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The FTC’s Tech Summit on AI[1] convened three panels that each highlighted different layers of the AI tech stack: hardware and infrastructure, data and models, and front-end user applications. This second Quote Book is focused on data and models. This post outlines the intended purpose of the quote book, a summary of the panel, and relevant topics and actions raised by the FTC. 

Purpose of the quote book

A key component of the FTC’s AI work is to listen to people on the ground with knowledge of the effects of innovation in real time, including the engineers building next-generation cloud-computing platforms, the data scientists training AI models, the venture capitalists who are funding new innovative startups or the startups building companies to improve consumers’ lives. As policymakers debate the benefits or risks of new technologies, these voices can sometimes be lost in otherwise dense technical, policy, or legal discussions. The FTC’s Tech Summit is one component of our effort to listen and engage with a variety of perspectives.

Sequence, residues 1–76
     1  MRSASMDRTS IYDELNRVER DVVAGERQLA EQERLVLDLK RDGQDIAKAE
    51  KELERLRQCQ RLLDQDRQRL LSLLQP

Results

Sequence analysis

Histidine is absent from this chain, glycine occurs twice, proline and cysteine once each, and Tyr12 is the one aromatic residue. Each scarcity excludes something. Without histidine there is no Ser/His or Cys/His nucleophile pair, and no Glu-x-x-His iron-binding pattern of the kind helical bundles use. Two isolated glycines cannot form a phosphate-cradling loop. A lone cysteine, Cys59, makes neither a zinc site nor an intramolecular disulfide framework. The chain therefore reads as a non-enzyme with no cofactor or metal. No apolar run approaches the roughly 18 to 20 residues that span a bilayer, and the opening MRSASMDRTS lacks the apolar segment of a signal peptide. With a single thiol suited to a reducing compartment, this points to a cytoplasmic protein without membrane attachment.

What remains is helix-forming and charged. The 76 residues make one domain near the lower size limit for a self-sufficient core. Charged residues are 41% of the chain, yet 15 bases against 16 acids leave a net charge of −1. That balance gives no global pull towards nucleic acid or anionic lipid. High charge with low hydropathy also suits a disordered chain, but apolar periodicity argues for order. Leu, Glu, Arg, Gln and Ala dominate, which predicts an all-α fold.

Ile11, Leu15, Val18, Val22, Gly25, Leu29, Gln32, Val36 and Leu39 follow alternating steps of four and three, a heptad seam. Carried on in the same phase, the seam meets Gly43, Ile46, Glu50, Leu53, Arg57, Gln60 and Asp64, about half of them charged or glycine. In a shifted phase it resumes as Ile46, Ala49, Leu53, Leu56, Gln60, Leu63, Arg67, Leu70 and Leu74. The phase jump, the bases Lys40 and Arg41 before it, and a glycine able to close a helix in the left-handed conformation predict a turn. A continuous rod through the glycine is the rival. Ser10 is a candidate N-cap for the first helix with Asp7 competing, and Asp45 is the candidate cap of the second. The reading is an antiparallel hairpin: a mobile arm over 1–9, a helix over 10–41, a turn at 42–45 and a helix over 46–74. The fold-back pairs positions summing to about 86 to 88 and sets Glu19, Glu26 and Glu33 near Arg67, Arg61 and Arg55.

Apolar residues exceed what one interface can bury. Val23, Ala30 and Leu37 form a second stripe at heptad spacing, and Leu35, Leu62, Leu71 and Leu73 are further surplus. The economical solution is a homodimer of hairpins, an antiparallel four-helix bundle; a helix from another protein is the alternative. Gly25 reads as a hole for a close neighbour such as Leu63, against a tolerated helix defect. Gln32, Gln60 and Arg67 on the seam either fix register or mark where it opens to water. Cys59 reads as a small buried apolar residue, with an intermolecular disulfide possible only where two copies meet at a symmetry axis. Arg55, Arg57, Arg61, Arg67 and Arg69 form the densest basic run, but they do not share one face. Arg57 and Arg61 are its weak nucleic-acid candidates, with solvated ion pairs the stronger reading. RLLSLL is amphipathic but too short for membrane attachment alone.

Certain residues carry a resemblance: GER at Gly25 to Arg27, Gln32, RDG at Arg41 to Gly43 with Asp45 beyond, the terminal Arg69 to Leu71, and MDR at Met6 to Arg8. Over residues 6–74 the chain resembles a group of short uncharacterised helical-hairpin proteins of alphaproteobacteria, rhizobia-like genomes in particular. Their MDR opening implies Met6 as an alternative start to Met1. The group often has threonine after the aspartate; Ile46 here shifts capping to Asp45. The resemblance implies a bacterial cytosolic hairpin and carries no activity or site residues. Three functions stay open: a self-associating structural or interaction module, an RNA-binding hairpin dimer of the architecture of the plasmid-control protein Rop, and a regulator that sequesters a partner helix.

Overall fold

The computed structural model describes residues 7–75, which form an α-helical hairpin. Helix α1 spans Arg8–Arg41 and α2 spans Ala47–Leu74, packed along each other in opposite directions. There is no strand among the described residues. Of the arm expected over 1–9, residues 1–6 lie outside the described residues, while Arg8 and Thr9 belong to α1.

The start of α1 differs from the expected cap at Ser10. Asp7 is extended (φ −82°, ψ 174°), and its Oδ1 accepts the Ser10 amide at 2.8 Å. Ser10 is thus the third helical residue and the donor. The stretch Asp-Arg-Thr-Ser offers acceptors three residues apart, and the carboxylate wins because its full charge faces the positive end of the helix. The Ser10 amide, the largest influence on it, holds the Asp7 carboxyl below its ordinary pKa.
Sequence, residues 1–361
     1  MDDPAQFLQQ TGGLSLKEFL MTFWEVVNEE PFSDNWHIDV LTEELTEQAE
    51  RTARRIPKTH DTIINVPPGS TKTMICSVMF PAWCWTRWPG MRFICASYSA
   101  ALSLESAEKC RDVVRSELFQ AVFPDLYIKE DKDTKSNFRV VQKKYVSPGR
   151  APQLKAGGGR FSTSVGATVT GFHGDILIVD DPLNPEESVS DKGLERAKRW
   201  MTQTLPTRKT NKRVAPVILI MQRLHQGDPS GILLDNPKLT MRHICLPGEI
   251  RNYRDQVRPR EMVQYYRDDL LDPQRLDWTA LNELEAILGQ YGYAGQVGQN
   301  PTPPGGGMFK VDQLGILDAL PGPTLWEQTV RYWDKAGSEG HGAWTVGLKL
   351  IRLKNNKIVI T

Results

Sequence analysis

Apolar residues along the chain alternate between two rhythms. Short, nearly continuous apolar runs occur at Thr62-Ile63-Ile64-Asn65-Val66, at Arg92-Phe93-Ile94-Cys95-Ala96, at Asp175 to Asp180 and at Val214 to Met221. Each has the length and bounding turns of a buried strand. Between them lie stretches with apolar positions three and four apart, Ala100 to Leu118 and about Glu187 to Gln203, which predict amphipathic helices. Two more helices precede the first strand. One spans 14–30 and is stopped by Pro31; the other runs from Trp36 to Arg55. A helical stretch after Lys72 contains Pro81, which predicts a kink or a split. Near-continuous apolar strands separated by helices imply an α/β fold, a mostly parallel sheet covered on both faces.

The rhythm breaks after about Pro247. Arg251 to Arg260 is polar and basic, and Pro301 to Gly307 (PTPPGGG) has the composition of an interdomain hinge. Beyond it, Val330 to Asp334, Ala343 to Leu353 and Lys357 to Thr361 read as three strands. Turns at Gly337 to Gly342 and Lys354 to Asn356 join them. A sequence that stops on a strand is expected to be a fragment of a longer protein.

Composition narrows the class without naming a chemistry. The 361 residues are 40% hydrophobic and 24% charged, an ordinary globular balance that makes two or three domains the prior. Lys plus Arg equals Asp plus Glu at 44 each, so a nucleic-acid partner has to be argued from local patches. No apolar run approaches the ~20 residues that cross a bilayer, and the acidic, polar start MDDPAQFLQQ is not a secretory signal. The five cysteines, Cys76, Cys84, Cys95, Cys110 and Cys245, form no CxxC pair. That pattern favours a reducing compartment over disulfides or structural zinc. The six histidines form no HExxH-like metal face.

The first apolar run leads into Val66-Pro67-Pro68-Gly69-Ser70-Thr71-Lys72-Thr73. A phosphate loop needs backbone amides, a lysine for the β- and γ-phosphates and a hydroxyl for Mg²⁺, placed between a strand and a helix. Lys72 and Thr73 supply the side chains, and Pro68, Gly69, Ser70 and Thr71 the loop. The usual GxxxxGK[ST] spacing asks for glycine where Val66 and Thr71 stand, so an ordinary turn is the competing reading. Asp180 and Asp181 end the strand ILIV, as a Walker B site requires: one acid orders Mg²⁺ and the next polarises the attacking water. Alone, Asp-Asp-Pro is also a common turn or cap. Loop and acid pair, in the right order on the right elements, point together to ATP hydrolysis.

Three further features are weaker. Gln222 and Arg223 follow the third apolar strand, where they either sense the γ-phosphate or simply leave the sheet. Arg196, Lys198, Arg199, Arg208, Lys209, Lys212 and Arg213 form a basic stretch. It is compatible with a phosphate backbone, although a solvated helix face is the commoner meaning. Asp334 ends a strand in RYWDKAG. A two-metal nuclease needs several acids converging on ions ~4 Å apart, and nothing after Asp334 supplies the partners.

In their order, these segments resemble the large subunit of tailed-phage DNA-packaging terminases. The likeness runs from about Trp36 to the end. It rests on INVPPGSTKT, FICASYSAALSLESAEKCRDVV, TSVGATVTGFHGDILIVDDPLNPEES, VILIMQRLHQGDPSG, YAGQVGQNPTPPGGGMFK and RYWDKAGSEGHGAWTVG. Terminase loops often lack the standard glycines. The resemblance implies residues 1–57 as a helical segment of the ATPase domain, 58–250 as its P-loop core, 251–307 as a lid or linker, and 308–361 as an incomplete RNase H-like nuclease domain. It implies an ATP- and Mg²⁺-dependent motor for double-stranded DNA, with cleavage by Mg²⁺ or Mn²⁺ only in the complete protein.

This “Quote Book” aims to reflect and compile quotes from the participants, aggregated into common themes around AI model development. The “Quote Book” is a resource to quickly distill various perspectives on topics, from ways to enable competition and innovation to potential consumer concerns like data privacy, labor issues, deceptive messaging, and more. 

Overview of the panel on data and models

“This current AI race is based on certain assumptions about both scale and speed as a proxy for progress. And it's a view that's based on narrow benchmarks, it's one that never really properly contends with the longer term environmental or labor impacts, or the impacts on our information environment.” - Amba Kak, Executive Director, AI Now Institute